Denver Cap Rates

17 Replies

Hey Friends!

I've got a 4-plex in Denver. Cap rate is 11%. Reversionary Cap rate is 14%. Why don't I raise rents? Cause I have good tenants and they don't bother me. I know a lot of people won't understand this, but it works for me.

That being said, I'm looking at expanding into more properties. I know I won't be getting 11%, but does anyone have an estimate of expected Cap rates within 2 miles of Downtown Denver?

Cap rate = Annual Net Operating Income / Purchase Price

Thanks!

Originally posted by @Steven Tawresey :

Hey Friends!

I've got a 4-plex in Denver. Cap rate is 11%.

That being said, I'm looking at expanding into more properties. I know I won't be getting 11%, 

Cap rate = Annual Net Operating Income / Purchase Price

Thanks!

 If the market cap rate on your current property is 11% why would you think you couldn't buy at the same cap rate?

He bought it during a cheap time, and now times are different. (just at a guess, but it's not an unreasonable one)  Market's been on the rise quite a lot here over the past few years.

I bought this property 7 years ago when the price was low and refinanced when rates were at the bottom. Rents are up, prices are up, inventory's low, vacancy's low.

I think a typical cap rate in and around Denver is 6-8%, assuming you aren't finding off market deals. No doubt rents are up just like prices. 

For those trying to buy now, 11% cap rates are unheard of. 6-8% is more typical in Denver. 

Kelly Sennholz

    Originally posted by @Kelly Sennholz :

    For those trying to buy now, 11% cap rates are unheard of. 6-8% is more typical in Denver. 

     So then the OP is incorrect claiming his property is at an 11% cap.  

    Originally posted by @Bob Bowling:
    Originally posted by @Kelly Sennholz:

    For those trying to buy now, 11% cap rates are unheard of. 6-8% is more typical in Denver. 

     So then the OP is incorrect claiming his property is at an 11% cap.  

     7 years ago vs now.

    He has a deal. He should cherish it. I have properties like that, too, but now.... unicorns. 

    Kelly Sennholz

      Yep. Miniature horses. :) 

      Kelly Sennholz

        It seems even finding mini horses in Denver is rare these days.

        I think the confusion comes from my use of Purchase price vs. Current Value in the equation. Using my purchase price, I'm around 11%. Using an average value of 7% for Denver Cap rates, and manipulating the equation gives a property value much higher. 

        In other words, if someone were to buy my property, I'd sell it to them at a price that nets them 7%. The Cap rate on my initial investment however is different.

        Typically talking cap rates for properties that are 4 units and less isn't done too much. Comparable sales is the way 1-4 units are valued. Cap rates are for 5+ unit properties. The difference being the loans that are available for 1-4 unit properties. You get all those BP house hackers driving up the prices on the 1-4 unit properties.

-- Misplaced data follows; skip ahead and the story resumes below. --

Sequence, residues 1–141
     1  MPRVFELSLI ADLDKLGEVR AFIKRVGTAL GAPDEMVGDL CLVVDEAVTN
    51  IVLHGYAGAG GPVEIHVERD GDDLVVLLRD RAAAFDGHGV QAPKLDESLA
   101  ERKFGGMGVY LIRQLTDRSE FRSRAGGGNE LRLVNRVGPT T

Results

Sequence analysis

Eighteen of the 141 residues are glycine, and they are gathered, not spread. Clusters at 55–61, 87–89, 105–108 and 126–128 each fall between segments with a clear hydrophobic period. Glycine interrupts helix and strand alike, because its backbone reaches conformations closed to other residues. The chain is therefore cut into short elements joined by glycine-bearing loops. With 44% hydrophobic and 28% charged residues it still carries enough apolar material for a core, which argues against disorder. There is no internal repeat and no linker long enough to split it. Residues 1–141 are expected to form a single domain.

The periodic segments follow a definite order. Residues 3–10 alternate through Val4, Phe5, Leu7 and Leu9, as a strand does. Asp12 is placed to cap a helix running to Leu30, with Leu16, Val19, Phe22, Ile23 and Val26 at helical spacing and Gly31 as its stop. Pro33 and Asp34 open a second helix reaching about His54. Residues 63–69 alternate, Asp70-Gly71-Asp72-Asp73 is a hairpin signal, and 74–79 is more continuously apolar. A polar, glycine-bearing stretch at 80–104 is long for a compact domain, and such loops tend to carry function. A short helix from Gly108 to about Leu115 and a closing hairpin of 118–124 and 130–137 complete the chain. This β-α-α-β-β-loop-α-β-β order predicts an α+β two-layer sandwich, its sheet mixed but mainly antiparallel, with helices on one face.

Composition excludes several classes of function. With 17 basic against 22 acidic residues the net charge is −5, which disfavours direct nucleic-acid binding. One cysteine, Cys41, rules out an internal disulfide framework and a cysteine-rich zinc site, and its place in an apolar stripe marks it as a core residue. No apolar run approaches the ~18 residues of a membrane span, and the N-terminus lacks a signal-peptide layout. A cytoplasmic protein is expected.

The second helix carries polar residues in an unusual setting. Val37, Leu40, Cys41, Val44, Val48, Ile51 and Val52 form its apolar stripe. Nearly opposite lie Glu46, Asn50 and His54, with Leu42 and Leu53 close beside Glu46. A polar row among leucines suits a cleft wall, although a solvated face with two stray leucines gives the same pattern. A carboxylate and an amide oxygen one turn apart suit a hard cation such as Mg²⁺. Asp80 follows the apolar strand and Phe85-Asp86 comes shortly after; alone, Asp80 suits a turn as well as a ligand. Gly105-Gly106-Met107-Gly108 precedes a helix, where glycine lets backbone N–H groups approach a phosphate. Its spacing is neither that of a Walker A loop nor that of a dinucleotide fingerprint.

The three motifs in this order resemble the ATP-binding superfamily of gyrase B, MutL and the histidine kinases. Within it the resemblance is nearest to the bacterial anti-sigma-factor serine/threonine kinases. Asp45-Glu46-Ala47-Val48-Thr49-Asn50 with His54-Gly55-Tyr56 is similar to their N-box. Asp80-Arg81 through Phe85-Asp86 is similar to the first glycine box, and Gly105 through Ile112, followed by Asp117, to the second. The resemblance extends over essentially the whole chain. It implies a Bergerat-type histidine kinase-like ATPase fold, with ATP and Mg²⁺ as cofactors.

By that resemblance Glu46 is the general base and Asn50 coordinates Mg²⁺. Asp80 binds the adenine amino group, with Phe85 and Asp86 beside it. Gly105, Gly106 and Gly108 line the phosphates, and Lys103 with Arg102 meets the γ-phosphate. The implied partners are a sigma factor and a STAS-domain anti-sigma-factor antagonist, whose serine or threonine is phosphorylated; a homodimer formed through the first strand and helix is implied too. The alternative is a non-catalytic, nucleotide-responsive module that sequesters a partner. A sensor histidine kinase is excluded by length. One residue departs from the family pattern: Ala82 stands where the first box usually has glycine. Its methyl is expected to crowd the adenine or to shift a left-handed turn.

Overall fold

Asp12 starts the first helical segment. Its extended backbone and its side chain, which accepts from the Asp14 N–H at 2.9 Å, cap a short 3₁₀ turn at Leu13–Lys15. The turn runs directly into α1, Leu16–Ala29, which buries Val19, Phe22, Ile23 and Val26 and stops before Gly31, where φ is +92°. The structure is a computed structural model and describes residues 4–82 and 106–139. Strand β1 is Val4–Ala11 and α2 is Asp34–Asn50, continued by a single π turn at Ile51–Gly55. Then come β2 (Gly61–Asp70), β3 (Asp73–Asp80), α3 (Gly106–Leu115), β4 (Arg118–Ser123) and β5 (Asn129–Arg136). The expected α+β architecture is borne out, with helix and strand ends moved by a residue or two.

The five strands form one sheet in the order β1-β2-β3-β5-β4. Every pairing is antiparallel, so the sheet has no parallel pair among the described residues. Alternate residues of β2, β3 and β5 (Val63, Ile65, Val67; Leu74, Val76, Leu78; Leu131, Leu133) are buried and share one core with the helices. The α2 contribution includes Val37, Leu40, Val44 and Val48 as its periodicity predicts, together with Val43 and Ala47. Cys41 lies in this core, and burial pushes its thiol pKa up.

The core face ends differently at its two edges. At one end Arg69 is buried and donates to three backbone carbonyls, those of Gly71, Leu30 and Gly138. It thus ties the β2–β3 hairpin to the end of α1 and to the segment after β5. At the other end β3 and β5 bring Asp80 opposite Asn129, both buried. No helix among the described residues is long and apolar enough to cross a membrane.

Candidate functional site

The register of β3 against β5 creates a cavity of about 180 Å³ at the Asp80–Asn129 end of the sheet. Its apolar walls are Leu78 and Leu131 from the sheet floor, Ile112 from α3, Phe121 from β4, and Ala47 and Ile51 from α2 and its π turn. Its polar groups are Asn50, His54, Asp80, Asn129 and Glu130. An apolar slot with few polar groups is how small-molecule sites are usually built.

At any rate, I wish you well with finding another property.

        Originally posted by @Brian Kraft :
        Originally posted by @Bob Bowling:
        Originally posted by @Kelly Sennholz:

        For those trying to buy now, 11% cap rates are unheard of. 6-8% is more typical in Denver. 

         So then the OP is incorrect claiming his property is at an 11% cap.  

         7 years ago vs now.

         Then that ship has sailed.  You can't invest in today's market based on 7 year old information.  The property is NOT at a 11% cap today.  

        You disagree with the formula in the first post?

        Originally posted by @Bob Bowling:
        Originally posted by @Brian Kraft:
        Originally posted by @Bob Bowling:
        Originally posted by @Kelly Sennholz:

        For those trying to buy now, 11% cap rates are unheard of. 6-8% is more typical in Denver. 

         So then the OP is incorrect claiming his property is at an 11% cap.  

         7 years ago vs now.

         Then that ship has sailed.  You can't invest in today's market based on 7 year old information.  The property is NOT at a 11% cap today.  

         The ship has sailed, but the OP is on the [email protected] an 11% cap rate. He's not looking to buy it, he already owns it.

        Originally posted by @Brian Kraft :
        Originally posted by @Bob Bowling:
        Originally posted by @Brian Kraft:
        Originally posted by @Bob Bowling:
        Originally posted by @Kelly Sennholz:

        For those trying to buy now, 11% cap rates are unheard of. 6-8% is more typical in Denver. 

         So then the OP is incorrect claiming his property is at an 11% cap.  

         7 years ago vs now.

         Then that ship has sailed.  You can't invest in today's market based on 7 year old information.  The property is NOT at a 11% cap today.  

         The ship has sailed, but the OP is on the [email protected] an 11% cap rate. He's not looking to buy it, he already owns it.

         Um, NO.  That 11% cap rate died the day similar properties sold at different market cap rates.  He ain't got 11% nothing, well except for the 7 year old memory.

        Hey Steven.  Nice work on the 11%!  For current cap rates by market, check out this resource that tracks the top 50 markets in the US. Link here: http://apartmentpropertyvaluation.com/

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